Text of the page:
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10 Keys to Effective Internal ASC Claim Audits

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Ambulatory surgery centers can't afford to leave money on the table and have little time to spare for internal claims audits.

Here are 10 keys to optimize claims auditing:

1. Establish a goal for internal audits and appoint a qualified internal auditor. This can be the coding manager/supervisor, lead coder or someone from the compliance department with the appropriate credentials and qualifications.

2. Determine how frequently to audit — high-volume centers may warrant more frequent audits and randomly auditing problematic specialties or areas could help improve accuracy. However, the best practice for internal audits is on a quarterly basis; external audits are typically performed annually, says Cristina Bentin, CCS-P, CPC-H, CMA, Founder and President, Coding Compliance Management.

3. When auditing the claims, look for:

•    Accuracy of CPTs
•    Need for additional CPTs
•    Accuracy of diagnosis codes
•    Need for additional/different diagnosis codes
•    Accuracy of modifiers
•    Need for additional/different modifiers

4. Random audit of a claims sample — not every claim — can detect problematic patterns without taking the time to examine every claim. However, make sure the sample size is big enough; a recommended sample size is 10 percent of the case volume, says Ms. Bentin.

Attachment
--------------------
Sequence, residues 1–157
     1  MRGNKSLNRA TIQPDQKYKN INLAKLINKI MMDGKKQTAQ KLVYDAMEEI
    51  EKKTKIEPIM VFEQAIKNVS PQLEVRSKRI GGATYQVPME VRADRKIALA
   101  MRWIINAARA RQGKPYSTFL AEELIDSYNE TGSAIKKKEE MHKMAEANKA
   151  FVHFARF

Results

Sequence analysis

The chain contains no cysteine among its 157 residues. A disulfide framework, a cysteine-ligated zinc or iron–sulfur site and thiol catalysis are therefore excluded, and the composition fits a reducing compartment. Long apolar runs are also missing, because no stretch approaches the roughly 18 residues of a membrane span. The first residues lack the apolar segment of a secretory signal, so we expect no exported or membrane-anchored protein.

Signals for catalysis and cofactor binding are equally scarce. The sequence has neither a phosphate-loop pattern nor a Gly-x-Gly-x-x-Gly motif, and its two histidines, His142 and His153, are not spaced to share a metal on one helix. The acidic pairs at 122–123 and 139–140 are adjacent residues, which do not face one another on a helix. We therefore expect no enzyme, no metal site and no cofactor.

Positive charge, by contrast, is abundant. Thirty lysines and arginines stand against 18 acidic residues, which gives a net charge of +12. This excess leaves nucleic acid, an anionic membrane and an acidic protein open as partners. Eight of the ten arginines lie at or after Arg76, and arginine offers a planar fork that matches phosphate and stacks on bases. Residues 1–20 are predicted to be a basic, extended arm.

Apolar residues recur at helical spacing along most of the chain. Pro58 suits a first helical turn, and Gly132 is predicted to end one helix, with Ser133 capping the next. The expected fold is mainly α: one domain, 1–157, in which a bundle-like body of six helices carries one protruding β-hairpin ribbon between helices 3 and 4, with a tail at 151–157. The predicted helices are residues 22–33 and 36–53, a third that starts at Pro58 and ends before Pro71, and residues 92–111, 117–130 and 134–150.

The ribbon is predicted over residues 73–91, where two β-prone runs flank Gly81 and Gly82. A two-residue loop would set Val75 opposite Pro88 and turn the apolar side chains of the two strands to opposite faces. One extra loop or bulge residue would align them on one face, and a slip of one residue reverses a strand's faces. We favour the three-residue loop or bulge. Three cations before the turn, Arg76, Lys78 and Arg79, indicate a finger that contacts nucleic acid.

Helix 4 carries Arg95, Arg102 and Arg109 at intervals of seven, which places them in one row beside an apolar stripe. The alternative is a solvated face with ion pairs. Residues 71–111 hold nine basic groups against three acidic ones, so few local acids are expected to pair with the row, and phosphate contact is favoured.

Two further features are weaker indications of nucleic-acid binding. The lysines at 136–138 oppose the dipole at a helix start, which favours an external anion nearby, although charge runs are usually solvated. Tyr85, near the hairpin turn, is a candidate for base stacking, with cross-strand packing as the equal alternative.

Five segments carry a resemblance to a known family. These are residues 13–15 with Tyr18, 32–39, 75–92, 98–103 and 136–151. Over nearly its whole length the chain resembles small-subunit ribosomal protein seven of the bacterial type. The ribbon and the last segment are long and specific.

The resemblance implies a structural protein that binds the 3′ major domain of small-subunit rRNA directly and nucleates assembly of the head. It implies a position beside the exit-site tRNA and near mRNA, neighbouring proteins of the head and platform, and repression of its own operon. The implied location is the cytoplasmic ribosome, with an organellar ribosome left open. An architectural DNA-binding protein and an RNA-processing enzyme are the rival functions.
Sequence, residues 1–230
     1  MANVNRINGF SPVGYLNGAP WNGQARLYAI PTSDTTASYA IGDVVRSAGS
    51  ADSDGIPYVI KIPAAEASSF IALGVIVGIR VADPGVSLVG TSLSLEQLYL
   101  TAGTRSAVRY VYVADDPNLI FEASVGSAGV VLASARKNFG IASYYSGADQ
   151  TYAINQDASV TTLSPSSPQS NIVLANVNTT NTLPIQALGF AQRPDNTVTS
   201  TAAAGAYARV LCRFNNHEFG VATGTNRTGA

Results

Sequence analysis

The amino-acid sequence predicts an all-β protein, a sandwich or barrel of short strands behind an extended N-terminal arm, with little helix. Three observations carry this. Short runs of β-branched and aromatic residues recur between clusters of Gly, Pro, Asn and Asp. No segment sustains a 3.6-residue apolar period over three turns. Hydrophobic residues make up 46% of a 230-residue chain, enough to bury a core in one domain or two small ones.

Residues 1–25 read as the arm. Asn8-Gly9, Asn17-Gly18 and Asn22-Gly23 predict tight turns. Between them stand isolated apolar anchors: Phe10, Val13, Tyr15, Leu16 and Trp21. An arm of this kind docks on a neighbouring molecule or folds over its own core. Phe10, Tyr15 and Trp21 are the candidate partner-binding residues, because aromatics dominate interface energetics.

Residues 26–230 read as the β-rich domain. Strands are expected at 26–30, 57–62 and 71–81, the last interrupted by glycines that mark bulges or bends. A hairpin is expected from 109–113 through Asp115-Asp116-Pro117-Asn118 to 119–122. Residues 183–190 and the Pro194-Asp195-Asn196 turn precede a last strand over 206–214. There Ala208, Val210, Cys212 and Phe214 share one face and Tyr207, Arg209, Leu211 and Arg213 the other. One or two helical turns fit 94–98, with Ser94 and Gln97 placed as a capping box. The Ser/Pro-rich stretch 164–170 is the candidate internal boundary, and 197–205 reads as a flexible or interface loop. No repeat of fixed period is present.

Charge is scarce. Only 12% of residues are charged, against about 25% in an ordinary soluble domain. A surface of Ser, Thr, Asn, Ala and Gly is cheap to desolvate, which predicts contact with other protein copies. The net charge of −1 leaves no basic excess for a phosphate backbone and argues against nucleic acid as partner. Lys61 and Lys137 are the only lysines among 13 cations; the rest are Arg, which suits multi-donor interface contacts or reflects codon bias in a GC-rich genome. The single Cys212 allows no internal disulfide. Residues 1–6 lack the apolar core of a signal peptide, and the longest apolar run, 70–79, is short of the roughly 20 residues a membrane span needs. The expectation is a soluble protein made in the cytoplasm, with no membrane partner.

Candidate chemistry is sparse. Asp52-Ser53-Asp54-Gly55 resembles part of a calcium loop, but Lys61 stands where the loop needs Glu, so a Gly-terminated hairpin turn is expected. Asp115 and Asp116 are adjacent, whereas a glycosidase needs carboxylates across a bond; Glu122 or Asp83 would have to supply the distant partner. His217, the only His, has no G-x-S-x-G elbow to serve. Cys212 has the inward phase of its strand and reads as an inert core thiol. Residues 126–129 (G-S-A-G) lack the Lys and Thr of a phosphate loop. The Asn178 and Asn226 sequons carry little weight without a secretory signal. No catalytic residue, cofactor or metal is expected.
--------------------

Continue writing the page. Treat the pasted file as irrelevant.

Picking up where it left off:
5. The most important cases to focus on are high-volume cases that impact the center more heavily than others and high complexity cases that have the most room for error. Cases that present multiple code choices are also important to audit for accuracy.

6. Conduct prospective audits as well to review claims prior to submission for appropriate coding, documentation and adherence to insurance carrier guidelines. Prospective audits catch the mistakes before billing out and save time in rebilling if the mistakes are found after the fact.

7. Use credible audit tools such as current editions of coding manuals, AMA guidelines, specialty guidelines, NCCI edits and carrier policies.

8. When auditing collections, look for:

•    First follow-up within 15-30 days
•    Additional follow up every 30 days
•    Detailed follow-up notes
•    Appeal done properly
•    Claim/patient statement generated as needed
•    Appropriate pre-collection efforts made

9. Keep track of audit dates, due dates and findings in a database to understand overarching trends. There are software systems to help capture and store this information.

10. Develop a report around each audit and follow up with problem areas within 90 days. Make sure coders are told exactly what's wrong and educated about how to fix it.

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